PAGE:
In Meera, the film, the heroine is helpless and has to rely on her unusual strengths to escape from her subjugation. “It’s a reflection of the real world in which the support system for such women is almost non-existent,” says Amala, and goes on to, again, get disarmingly transparent about her life. “When I was going through my separation, I don’t remember anyone coming to my support. They all sought to instill fear in me. They said I was only a girl. There I was, a successful actor, and yet, I was being told that I should be frightened by the prospect of a man not being by my side. They warned that my career would get derailed, that I would be scorned by society. Nobody expressed concern about my happiness and mental health.” Amala decided then that she would not “be a regular”. “My life is whatever I define it to be. I don’t want to hear again the example of another woman who’s soldiering along in her bad relationship. I don’t want to be told that everything will be all right eventually. The truth is, nothing is becoming all right.” And then, she shares a powerful conclusion: “You are all putting up a show. You are all faking it. I don’t want to end up like that.”
Her character in Nandini Reddy’s film, Meera, puts up such a show for many years into her marriage. As Amala Paul put it, Meera fakes it—and this, despite having been raped in her marriage. Marital rape, of course, is a concept that our society, even our judiciary, has yet to come to terms with or even understand. Amala is convinced that our women tolerate way more than they should. “I think an issue like marital rape is beyond class divisions. Also, it seems to me that when the husband cheats and sleeps with multiple women, women are expected to tolerate it. It bothers me when women make their peace with such men simply because “at the end of the day, he still comes home to sleep”.”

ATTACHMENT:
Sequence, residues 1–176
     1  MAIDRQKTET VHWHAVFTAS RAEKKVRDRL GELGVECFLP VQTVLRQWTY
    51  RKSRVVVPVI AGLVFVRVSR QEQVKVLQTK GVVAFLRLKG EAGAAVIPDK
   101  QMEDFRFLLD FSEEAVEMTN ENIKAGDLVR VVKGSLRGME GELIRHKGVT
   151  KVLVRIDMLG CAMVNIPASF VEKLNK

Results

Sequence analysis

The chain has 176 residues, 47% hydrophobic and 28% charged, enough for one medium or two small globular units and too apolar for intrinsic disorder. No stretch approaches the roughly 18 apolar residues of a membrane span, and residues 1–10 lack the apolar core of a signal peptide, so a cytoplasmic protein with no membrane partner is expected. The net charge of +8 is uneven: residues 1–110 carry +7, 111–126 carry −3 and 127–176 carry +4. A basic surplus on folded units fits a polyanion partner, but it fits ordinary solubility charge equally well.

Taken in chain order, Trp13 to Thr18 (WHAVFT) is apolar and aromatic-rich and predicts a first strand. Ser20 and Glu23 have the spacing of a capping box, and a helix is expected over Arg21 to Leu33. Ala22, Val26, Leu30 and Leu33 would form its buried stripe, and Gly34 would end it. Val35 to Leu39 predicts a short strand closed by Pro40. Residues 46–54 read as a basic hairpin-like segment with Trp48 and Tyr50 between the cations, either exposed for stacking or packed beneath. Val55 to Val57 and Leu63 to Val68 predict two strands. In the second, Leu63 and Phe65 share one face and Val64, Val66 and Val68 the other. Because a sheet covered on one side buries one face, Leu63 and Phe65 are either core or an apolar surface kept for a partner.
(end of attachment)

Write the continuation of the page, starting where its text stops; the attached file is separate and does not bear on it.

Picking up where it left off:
It’s similar anger that fuels Meera’s transformation in the film, when she decides to channel her inner Gone Girl. Amala laughs in acknowledgement at this comparison. “I know, right?!” She goes on to wax eloquent about Meera: “I love that she utilises her specific strengths, her passion for art. I think we all have strengths that are under-explored. Meera is a writer and so, she takes refuge in her imagination and actualises her ideas to her advantage.” Meera, Amala says, is quite aware that her relationship with her husband is, at its essence, a power struggle. “The husband naturally has a lot of power. As a woman, she realises she must use her feminine strength to her advantage, and so she does. I love that she makes art out of her misery. I don’t think her aim was ever to destroy her husband. I think she reaches a saturation point, and then, makes a decision to save herself.” She summarises Meera’s journey thus: “She made a choice and became the hero of her own story.” It’s a summary that Amala could well argue reflects her own journey too. And you see why.